Definition of bagwig in English:



  • A wig fashionable in the 18th century with the back hair enclosed in an ornamental bag.

    • ‘Handel's was not a bagwig, which was so named from the little stuffed black silk watch- pocket that hung down behind the back of the wearer.’
    • ‘He smoothed the front of his simple olive and brown striped waistcoat, and patted his old fashioned bagwig.’
    • ‘The man's bagwig, now mostly destroyed, was inscribed with magical texts of a type recorded most completely on the Metternich stela.’
    • ‘When he saw the mess the pig had made, he dropped the pail and snatched his bulbous bagwig from his head, dashing it to the boards and cursing.’
    • ‘The governor is in a suit of scarlet, embroidered with gold, with bagwig and sword--the gentlemen in the fashion of the time.’
    • ‘She is wearing a dress with shoulder straps, a small necklace and a bagwig with four tresses hanging down her neck.’
    • ‘For dress wear the bagwig was the mode, though the back bow became smaller.’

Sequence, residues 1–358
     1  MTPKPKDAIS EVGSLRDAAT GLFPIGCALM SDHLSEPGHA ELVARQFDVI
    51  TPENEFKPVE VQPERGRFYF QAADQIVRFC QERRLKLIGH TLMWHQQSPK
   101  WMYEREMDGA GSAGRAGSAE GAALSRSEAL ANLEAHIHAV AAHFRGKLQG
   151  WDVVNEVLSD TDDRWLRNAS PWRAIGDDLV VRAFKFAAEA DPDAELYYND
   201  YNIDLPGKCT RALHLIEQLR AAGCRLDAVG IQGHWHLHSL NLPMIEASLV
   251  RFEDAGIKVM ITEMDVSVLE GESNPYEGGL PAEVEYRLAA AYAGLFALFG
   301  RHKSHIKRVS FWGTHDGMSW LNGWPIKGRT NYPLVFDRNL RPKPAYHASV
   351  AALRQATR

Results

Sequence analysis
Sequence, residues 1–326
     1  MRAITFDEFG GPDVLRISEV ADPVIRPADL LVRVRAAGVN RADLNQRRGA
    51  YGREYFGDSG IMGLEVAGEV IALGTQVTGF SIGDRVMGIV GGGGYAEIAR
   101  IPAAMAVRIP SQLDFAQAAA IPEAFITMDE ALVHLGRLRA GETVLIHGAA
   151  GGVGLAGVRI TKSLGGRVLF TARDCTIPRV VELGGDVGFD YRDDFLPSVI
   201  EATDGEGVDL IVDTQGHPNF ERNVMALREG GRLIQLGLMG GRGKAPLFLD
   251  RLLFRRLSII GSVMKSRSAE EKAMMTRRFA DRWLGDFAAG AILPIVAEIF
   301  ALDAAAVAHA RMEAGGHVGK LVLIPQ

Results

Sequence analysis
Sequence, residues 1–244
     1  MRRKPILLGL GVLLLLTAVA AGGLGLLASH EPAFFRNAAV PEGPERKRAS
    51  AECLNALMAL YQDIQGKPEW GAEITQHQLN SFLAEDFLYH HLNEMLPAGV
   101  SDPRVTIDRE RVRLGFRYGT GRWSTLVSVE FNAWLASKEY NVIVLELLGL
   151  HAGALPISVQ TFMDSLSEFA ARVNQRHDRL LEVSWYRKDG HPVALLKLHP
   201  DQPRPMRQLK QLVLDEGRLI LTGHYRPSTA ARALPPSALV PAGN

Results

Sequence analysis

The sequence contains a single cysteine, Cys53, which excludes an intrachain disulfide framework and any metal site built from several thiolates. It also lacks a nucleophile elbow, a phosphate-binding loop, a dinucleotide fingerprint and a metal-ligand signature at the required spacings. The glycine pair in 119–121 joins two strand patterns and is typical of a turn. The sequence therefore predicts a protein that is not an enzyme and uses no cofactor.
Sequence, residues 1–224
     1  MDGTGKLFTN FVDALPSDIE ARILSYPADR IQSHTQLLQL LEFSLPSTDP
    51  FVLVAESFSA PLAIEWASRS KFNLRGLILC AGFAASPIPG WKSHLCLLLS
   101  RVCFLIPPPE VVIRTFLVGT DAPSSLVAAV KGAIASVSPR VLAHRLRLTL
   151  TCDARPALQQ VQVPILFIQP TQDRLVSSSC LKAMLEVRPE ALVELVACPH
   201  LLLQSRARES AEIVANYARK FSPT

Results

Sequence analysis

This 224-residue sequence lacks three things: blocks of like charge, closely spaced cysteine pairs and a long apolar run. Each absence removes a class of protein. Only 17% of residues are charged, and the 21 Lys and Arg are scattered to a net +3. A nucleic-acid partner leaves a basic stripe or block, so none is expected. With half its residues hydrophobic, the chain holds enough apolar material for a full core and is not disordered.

• ‘The perruque à bourse or bagwig was also popular and relatively inexpensive.’
    • ‘The bagwig began as an element of informal, private morning wear.’
    • ‘The ‘dressers,’ male and female, have arrived, and are being objurgated by incensed performers in their several cabinets de toilette, because they are slow in finding Mr. Lamplugh's bagwig, or Mademoiselle Follejambe's white satin shoes.’
    • ‘He went in his court dress, consisting of a richly embroidered brown silk-velvet coat and short breeches, white satin vest with fancy colored embroidery, white silk stockings and pumps, wig, bagwig, cocked hat, and dress sword.’
    • ‘The bagwig worn first by soldiers before 1700 had the hair encased in a bag.’
    • ‘Christian was twenty, two years her senior, tall and lean with curly black hair secured in a bagwig.’
    • ‘Both most carefully dressed in the old-fashioned style, with bagwig, showes and silk stockings, while Beethoven used to appear even here in the freer ultra-Rhenish garb, almost carelessly dressed.’
    • ‘The only perceptible difference in him being that the knot of cravat which was generally under his ear, had worked round to the back of his head: where it formed an ornamental appendage not unlike a bagwig, and gave him something of a courtly appearance.’